Sony PS4 Poised to Pass PS3 Lifetime Sales, Switch Breaks 20 Million Units

Sony PS4 Poised to Pass PS3 Lifetime Sales, Switch Breaks 20 Million Units

There are three companies in the game console business, and two of them are having a great year. In its last quarterly announcement, Sony declared that it had sold 3.2 million PlayStation 4 systems in Q2, which brings the lifetime sales of the platform to 82.2 million. Lifetime sales of the PS3, in contrast, were 83.8 million.

It’s the time frames involved that make this such a coup for Sony. The PlayStation 3 may have sold 83.8 million units, but it took 11 years to get there, from 2006 – 2017. The PS4, in contrast, has pulled the same trick off in less than five years. Of course, it’s only fair to note that this has happened for Sony because it effectively ate so much of Microsoft’s market share this time around. During the last generation, the Xbox 360 led the PS3 in the early part of their mutual lifespans and final sales totals between Microsoft and Sony were a virtual tie. This time, Sony remains far ahead, having outsold the Xbox by over 2:1. In fact, as VGChartz has detailed, Sony is only 12 million units behind the combined sales of the Xbox 360 and PS3 at the same point in their life cycle.

Image by VGChartz
Image by VGChartz

The Switch, meanwhile, continues its meteoric rise up the sales charts. At 16 months old, Nintendo has now shipped nearly 20 million Switches — 19.67 million total, including 1.88 million in the past quarter. This puts the Switch within spitting distance of the GameCube, at 21.74 million units, with the N64 beyond that at 32.93 million. At the rate Switch is growing, it’ll blow past GameCube by the end of the year and could beat the N64 by its second anniversary, depending on just how good Nintendo’s holiday season is. It’s not hard to wonder how long the Nintendo 3DS has, given the overwhelming popularity of Nintendo’s newer handheld. The lack of discussion around the cheaper device at E3 wasn’t a great sign for its fans.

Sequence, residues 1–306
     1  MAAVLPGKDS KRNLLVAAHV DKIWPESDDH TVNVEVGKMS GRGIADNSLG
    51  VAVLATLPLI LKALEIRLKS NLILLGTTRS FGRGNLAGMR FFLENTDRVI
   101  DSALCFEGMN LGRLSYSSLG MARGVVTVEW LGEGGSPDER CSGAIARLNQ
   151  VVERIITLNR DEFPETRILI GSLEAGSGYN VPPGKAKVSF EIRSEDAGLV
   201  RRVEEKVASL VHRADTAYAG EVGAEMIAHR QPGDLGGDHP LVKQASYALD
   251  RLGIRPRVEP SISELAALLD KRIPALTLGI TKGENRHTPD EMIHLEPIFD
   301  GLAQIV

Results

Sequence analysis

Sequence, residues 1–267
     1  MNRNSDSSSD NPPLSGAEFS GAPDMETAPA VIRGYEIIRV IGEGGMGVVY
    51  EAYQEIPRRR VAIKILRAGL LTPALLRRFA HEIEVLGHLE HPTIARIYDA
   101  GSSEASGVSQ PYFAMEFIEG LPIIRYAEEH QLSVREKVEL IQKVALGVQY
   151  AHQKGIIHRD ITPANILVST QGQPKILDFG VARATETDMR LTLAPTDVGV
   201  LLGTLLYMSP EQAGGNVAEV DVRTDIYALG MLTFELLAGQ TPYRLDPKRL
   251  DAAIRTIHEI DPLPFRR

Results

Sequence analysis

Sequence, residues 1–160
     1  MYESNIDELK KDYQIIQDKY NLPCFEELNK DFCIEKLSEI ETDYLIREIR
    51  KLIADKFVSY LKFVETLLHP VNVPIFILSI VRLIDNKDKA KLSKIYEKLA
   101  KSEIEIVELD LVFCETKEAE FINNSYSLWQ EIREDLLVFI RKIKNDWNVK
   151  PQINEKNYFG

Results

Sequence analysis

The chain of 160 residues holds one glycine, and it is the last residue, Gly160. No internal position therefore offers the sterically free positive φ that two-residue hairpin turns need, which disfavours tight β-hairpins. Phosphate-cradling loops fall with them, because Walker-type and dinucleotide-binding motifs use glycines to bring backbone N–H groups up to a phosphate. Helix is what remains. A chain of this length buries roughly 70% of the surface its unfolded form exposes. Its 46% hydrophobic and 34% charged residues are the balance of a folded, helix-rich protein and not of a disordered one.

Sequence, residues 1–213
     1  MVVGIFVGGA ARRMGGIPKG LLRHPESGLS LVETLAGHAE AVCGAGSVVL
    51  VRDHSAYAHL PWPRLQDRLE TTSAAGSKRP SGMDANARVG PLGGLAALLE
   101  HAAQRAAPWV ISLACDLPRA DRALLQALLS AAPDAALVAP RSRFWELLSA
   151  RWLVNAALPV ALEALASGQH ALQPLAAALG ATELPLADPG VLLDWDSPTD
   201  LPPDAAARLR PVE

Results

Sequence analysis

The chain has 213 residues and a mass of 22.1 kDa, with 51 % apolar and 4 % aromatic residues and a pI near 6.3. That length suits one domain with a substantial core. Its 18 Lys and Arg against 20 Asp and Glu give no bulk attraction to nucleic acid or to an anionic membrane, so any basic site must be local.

And as for Microsoft? No comment. Microsoft’s argument for why it doesn’t release Xbox One sales are that it’s focused on engagement as a key metric for its products, not the number of units it ships. This is the kind of claptrap PR people get paid to invent and market, but it’s never held the slightest bit of water. Microsoft doesn’t release sales figures because the Xbox One has gotten stomped in the marketplace. Is that fair? Not really. The Xbox One may not be as fast as the PS4, but it was never half the speed, while the Xbox One X is unarguably the better console if maximum performance is your overriding criteria.

Unfortunately for Microsoft, there’s no indication that the Xbox One X made a material difference in the company’s sales position vis-à-vis Sony. The various firms that estimate total Xbox One sales continue to show Sony pulling away from its rival, with a gradually extending leadership position. At this rate, there’s no chance the Xbox One will even match the original sales performance of the Xbox 360, much less catch up with the PS4.

It’ll be interesting to see how the two companies reset their respective positions when the PS5 and Xbox Next hit town. Microsoft is said to be planning two consoles — one focused on streaming, one traditional model — in an attempt to shake up the market and possibly appeal to new customers. Sony, so far, is only known to be working on one model, though it’s reportedly tapped AMD again to do its design work.

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